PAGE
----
The front door flies opens. A woman rushes onto the porch, wrestling a bag behind her. The rain is heavy in the headlights. I reach for the door to make a run for her, but before I can get out she is hobbling toward me fast as she can. She yanks the passenger-side handle, but it's locked. I reach over and pop the latch as she beats against the glass.
"Take these," she says, hustling her stuff inside and shoving a Ziploc bag full of pill bottles into my hand. "And wherever we're going, go quick. My husband's coming."
"Whoa, lady," I protest. "I'm just, like, the crisis counselor guy. You shoulda called the police."
"My husband is the police."
My head drops against the window, and a sound comes out of my chest like air from a punctured balloon. "Ohhff ..."
"Look, I didn't know what else to do!" she says. "I was too chicken to use a pistol, but I had the pills all poured out and said, 'Hey, God? If you're really up there and if you care and if there's some reason you need me sticking around, then you're gonna have to send me some kinda help, right now.' And not thirty seconds later your TV commercial came on and said, 'Need help? A crisis professional is standing by. Call now.' Well, if sitting three hours on your bathroom floor crying and trying to get up the courage to take enough pills to end your life isn't a crisis, I don't know what is. Now hurry, or we'll both be in it deep."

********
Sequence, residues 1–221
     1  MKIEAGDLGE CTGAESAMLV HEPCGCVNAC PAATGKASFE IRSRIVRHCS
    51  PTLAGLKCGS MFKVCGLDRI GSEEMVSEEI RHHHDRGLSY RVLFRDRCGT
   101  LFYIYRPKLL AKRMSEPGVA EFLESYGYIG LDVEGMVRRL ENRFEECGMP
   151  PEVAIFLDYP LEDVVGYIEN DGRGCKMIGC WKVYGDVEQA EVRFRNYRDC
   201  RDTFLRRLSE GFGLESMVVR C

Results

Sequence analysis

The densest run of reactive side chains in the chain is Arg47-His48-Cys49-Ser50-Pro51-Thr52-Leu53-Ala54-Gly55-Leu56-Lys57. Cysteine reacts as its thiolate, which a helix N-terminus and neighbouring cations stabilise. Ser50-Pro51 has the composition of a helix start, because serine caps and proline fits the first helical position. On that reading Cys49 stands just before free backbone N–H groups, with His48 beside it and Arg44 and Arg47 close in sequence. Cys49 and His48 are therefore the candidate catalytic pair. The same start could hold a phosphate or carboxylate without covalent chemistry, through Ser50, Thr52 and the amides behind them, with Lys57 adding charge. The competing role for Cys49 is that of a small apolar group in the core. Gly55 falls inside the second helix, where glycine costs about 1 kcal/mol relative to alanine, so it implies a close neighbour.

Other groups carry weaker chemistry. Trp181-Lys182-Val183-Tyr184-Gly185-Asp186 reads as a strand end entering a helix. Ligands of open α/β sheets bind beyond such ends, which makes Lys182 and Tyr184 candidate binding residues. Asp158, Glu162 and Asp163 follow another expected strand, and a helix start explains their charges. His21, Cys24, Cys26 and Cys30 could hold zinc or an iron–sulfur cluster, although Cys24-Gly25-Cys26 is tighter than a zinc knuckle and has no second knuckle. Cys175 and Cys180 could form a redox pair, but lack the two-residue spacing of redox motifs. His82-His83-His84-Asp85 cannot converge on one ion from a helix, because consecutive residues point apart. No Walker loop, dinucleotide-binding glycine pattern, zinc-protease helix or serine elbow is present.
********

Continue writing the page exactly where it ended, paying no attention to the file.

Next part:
"He's just a small-town cop who thinks he's big and bad," she says, curling her lip with disgust. "But if you can get me to my sister's in Spring Hill, her stepdaddy is the judge. He might be able to help me there."
I hold up the baggie of pills. "Were you really gonna take all these?"
"Seriously," she says, measuring a millimeter between her finger and thumb. "I was this close."
"I don't know about Spring Hill," I tell her. "But I think I can get you somewhere safe."
I hit the gas and throw gravel all down the side of her Taurus as we fishtail back up the drive and turn right onto the break in the serpentine curve. She whips around to look behind us.
"Car coming," she warns.
I check the rearview mirror. Twin beams approach from the other side of the bend. I pull over and kill the lights.
"Why are you stopping? Go! Go!"